Bewitched by Beauty

Colleen’s Weekly #Tanka Tuesday #Poetry Challenge No. 81, ENCHANT & SHAPE, #SynonymsOnly

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“Bewitched by Beauty”

Bewitched by beauty

Woven by fiery desires

I kissed her hot lips

Hungrily there on the beach

Passion’s fire was still unquenched

– Tanka by Billy Ray Chitwood – April 27, 2018 – 

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From Italy – With Love

From Italy With Love

I thought it was all over!

There were two problems. My single engine plane coughed, sputtered, and acted like it was out of gas – but the tank was filled just twenty minutes before at the air park in Genoa. The other problem was lack of control – without success, I tried to control the Aileron, that hinged surface in the trailing edge of an airplane wing which is used to control lateral balance…think of a seesaw, keeping it horizontally straight without either end dipping down.

Bottom line: big problem with the plane’s engine out and my inability to glide the plane accurately to a spot for landing.

I got lucky!

See the trees at the bottom of the picture above? Somehow, I managed to land the plane some ten feet to the right of those trees, with the right wing an inch or two from the sand and the nose about to plow into the ground. An abrupt action with the right wing somehow caused the plane to straighten its line and touched down roughly but then slowly moved to a stop with the friction of the sand.

No bruises, no cuts, no radio transmission, and no real damage…just some rattled nerves.

Actually, I sat there behind the stick for some seconds and felt pretty good – hey, I had a story to tell my film buddies back in Santa Monica. We were still young, chasing the ladies, and telling each other our tall stories. Because I looked a bit like Steve McQueen, my buddies gave me the nickname, ‘Cool Mac 2’.

I pulled the leather flight jacket from my near 200 pound, 6 foot frame, flung it over my right shoulder, grabbed my clothes bag from the cockpit, and started walking toward the buildings in the picture’s foreground. Only a few feet into my walk I saw an old jalopy heading toward me. My walk only lasted some three hundred yards before the jalopy stopped and a man and woman threw some Italian at me. Some I understood but the gist I did not.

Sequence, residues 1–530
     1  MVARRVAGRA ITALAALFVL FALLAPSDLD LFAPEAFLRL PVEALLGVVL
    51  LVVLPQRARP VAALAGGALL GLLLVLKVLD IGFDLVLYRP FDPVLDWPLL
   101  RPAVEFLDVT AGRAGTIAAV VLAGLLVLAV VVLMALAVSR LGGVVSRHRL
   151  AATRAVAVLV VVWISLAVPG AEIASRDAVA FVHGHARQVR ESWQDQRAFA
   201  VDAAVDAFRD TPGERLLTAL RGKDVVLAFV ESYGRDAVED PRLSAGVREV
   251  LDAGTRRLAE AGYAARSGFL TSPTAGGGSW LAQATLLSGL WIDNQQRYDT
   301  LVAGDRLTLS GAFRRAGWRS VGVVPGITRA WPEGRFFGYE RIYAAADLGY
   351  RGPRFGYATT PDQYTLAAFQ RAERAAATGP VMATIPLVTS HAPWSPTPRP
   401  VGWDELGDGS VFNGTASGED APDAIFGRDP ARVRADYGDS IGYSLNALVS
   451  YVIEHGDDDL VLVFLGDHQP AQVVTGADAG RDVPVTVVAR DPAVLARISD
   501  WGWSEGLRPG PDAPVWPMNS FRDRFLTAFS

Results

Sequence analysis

The woman was beautiful, and the guy, well, he was handsome enough, I guess, but he was much older than the lady…for some obscure reason, I was wishing the duo was daughter and father.

Sorry, I speak very little Italian. Do you speak English?”

Jes, we speak some Engleesh, but you just crash yur plane! Are you hokay?” Such a lovely voice to go with the face and body.

Yes, I’m fine. I got lucky. But I could use a phone and some assistance in reaching people who can help me. Would you…”

The older man stopped me in mid-sentence, “Get in the car. We will take you to our home where there is phone and food.” His white whiskered face showed kindness and blended in with his white wavy hair. He instantly reminded me of Maurice Chevalier…you know, the French actor who sang ‘Thank Heaven for Leetle Gurls, for leetle gurls get bigger every day’.

Rosina was the lady’s name, and Pauli was the gentleman’s name. I immediately liked them and found them most cordial and friendly. It was particularly tough for me me to avoid glancing at Rosina. Her long dark hair went to the middle of her back, framed a beautifully tanned exotic face, and her bluish green eyes sparkled with flirty coyness. She was wearing a slightly loose tan dress, but, had it been tightly fitting, my heart might have leaped through my shirt. I had worked with some lovely ladies in films, and this Rosina beauty did not take a backseat to any of them.

Pauli asked me what I was doing flying a plane in Italy.

Well, Pauli, my girlfriend and I broke things off, and I was between jobs, never been to Italy and have always wanted to come and see it in person. I’ve been in love with your country ever since Clint Eastwood made those ‘Spaghetti Westerns’, well, actually, all my life. This was a good time for me to come… Oh, my name is Faron Brady. Flying is a hobby, and I just thought I would see some of your beautiful country…didn’t get much accomplished, I’m afraid.”